As a whole, Brock's writing is in some ways reminiscent of the work of French photographer, Jean-Francois Rauzier. Rauzier takes photos of buildings and then, by cutting and pasting and adding color, turns them into gigantic, perspective-altering structures using their own basic properties (windows, ledges, columns, walls, facades, rooftops, etc.). Rauzier's Byzantine-era cathedrals look even more magnificent in a playful reorientation of their established angles. Italian and French paintings are shrunk and pasted into the windows of the Louvre. Random people, like an elderly religious man wearing a red robe and matching red yarmulke, is placed in different parts of a cavernous library at the Sorbonne. Each of the photos presents one or a variety of vanishing points, and the content of the photographs conveys a series of complex references to various historical epochs. When looking at Brock's work, which has now spanned the period of 1996 to present, we see a similar array of references and places that serve to both intrigue and dizzy us. Brock brings us to the beach in California, then off to Florida, then out to the mysterious "eye in the sky,” then down in the ocean, then at a wedding, and then back up and away into outer space. He reminds us of the moment we throw rice at the bride and groom, and in other songs we're given an image of ourselves buried and bantering with the living. In Rauzier's paintings, our eyes focus in on certain sections of them, but can't take in all the details without leaving those areas for other parts of the picture. We have to shift to see other details and momentarily ignore where we were. Brock's writing requires the same kind of attention; it's hard to process all at once. The guitar harmonies and the rhythmic shifts happen in unexpected places. It's easy to sing along with catchy lines that seem abstractly true: "Love you more than everything / Loved it more than anything / Loved everything more than anything,” but in the next measure we're thrown off, confused again by long pauses on weird chords our ears don't recognize. The music bears a sense of knowing and not knowing, familiarity and estrangement set against a series of sonic delays, twists, and climaxes. Serious subjects offset playful moments. Deep sighs of relief are counteracted by antagonistic dark horses. Both Rauzier and Brock present these dizzying, dialectical tensions in their art.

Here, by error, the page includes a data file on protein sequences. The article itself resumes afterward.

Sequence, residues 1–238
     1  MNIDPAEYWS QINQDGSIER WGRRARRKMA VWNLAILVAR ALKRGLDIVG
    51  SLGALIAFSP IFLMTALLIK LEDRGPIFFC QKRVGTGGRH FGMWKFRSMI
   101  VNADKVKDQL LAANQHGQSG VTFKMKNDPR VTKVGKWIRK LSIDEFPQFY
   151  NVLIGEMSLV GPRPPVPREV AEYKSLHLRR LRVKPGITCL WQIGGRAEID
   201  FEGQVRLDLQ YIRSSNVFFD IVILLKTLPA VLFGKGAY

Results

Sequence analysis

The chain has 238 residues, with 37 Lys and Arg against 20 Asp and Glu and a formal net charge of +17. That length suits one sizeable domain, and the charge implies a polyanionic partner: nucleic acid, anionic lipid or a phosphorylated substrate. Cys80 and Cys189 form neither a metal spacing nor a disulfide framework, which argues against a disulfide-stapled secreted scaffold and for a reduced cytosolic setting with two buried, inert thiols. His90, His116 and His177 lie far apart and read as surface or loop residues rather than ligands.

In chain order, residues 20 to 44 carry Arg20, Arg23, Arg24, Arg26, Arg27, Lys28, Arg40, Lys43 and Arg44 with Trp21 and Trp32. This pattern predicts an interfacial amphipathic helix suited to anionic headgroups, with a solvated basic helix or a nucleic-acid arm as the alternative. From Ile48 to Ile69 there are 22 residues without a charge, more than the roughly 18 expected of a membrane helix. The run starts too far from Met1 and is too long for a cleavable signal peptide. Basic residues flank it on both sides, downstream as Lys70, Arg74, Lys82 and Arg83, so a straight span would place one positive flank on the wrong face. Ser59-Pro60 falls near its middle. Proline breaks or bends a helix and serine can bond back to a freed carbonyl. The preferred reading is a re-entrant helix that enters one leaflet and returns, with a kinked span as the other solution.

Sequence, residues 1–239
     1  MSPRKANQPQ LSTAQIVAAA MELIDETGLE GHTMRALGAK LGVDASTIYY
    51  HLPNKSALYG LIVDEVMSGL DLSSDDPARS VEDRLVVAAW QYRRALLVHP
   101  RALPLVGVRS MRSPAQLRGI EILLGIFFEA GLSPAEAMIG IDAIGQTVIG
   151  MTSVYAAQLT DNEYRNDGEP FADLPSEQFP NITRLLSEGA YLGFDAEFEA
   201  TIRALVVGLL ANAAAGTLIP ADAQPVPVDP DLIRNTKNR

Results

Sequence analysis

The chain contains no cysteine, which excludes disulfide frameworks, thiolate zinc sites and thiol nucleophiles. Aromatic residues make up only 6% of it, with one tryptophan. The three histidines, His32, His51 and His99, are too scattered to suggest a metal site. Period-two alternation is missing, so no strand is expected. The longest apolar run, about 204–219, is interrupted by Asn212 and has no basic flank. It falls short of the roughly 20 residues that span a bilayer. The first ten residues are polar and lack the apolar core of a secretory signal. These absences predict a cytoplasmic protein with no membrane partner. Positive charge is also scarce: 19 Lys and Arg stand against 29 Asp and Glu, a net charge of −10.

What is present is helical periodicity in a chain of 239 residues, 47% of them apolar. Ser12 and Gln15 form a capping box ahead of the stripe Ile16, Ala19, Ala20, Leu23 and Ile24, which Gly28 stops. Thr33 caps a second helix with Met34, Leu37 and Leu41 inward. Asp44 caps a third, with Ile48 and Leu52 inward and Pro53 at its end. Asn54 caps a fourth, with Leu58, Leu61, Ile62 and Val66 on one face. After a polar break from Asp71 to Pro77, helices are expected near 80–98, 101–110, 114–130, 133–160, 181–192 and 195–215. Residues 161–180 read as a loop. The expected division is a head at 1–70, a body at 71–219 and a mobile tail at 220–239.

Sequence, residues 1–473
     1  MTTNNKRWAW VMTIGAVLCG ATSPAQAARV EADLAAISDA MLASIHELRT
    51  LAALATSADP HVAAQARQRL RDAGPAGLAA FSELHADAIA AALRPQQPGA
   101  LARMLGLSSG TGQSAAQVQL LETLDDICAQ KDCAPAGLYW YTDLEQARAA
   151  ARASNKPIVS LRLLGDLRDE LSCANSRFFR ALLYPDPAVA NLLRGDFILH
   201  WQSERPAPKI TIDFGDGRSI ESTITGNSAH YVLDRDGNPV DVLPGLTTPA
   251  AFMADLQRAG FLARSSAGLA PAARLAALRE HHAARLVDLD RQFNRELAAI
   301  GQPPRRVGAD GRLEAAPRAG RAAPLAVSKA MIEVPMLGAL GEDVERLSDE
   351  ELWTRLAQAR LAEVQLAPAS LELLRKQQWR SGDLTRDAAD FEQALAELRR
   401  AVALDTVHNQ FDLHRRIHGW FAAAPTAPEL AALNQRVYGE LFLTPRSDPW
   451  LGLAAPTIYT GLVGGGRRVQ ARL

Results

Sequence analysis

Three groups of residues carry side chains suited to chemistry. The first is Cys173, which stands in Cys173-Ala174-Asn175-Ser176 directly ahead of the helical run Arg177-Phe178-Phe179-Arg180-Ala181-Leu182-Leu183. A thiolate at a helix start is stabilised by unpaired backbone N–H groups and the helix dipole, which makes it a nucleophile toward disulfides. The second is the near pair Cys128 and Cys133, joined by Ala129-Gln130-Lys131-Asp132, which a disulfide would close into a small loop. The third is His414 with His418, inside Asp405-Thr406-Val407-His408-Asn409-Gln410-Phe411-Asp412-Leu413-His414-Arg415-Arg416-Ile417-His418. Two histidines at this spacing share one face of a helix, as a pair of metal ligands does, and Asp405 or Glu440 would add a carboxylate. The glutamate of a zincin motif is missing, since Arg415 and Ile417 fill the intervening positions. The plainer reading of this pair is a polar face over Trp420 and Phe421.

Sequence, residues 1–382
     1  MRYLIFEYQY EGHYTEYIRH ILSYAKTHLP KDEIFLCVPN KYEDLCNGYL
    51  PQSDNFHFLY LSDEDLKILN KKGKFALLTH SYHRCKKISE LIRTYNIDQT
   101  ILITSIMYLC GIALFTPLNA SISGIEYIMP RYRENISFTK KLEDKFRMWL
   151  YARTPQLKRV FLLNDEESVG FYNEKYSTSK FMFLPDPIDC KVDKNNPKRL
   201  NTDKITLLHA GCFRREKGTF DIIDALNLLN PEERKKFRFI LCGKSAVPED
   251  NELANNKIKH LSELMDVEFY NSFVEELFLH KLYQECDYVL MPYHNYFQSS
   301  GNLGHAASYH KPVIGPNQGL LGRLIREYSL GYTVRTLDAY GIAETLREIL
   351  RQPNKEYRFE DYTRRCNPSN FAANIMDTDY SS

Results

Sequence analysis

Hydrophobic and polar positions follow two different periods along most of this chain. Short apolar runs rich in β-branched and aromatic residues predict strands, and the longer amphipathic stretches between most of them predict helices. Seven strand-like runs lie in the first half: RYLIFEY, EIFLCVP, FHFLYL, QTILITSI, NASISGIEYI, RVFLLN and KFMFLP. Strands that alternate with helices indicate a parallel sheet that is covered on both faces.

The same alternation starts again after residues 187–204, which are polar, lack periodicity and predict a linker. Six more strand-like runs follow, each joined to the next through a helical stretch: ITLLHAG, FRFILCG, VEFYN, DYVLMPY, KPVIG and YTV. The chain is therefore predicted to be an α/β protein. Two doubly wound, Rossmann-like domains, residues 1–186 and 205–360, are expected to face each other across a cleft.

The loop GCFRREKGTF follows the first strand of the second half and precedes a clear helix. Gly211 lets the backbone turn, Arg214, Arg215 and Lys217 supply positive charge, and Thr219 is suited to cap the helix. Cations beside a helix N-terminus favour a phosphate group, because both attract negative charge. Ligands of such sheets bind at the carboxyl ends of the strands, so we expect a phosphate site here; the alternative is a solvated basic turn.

Like many great artists, Brock establishes himself as a thinker who is using art in the attempt to digest historical, social, and personal data. By adopting a critical attitude toward the outer world and the dynamics of adult life, Brock wrestles with acceptance of the world around him and the possibilities of participation in it. In 2007, he presented a potential solution to the dilemma in "People As Places As People":